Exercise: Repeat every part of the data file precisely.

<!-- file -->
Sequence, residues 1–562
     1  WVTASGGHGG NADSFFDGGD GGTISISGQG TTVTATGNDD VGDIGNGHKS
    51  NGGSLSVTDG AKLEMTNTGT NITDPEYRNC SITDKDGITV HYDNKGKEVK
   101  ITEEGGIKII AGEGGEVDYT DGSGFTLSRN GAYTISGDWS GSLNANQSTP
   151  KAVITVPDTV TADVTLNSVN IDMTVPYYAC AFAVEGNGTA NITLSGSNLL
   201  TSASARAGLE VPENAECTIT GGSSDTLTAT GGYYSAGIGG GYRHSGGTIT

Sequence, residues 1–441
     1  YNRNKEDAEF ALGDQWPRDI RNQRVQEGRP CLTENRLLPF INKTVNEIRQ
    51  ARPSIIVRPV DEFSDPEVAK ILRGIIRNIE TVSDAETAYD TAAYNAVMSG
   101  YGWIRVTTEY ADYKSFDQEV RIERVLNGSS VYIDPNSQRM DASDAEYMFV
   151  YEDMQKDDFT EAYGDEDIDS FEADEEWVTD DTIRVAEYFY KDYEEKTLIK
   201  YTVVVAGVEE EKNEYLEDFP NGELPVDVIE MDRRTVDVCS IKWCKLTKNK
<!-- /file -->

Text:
Sequence, residues 1–562
     1  WVTASGGHGG NADSFFDGGD GGTISISGQG TTVTATGNDD VGDIGNGHKS
    51  NGGSLSVTDG AKLEMTNTGT NITDPEYRNC SITDKDGITV HYDNKGKEVK
   101  ITEEGGIKII AGEGGEVDYT DGSGFTLSRN GAYTISGDWS GSLNANQSTP
   151  KAVITVPDTV TADVTLNSVN IDMTVPYYAC AFAVEGNGTA NITLSGSNLL
   201  TSASARAGLE VPENAECTIT GGSSDTLTAT GGYYSAGIGG GYRHSGGTIT

Sequence, residues 1–441
     1  YNRNKEDAEF ALGDQWPRDI RNQRVQEGRP CLTENRLLPF INKTVNEIRQ
    51  ARPSIIVRPV DEFSDPEVAK ILRGIIRNIE TVSDAETAYD TAAYNAVMSG
   101  YGWIRVTTEY ADYKSFDQEV RIERVLNGSS VYIDPNSQRM DASDAEYMFV
   151  YEDMQKDDFT EAYGDEDIDS FEADEEWVTD DTIRVAEYFY KDYEEKTLIK
   201  YTVVVAGVEE EKNEYLEDFP NGELPVDVIE MDRRTVDVCS IKWCKLTKNK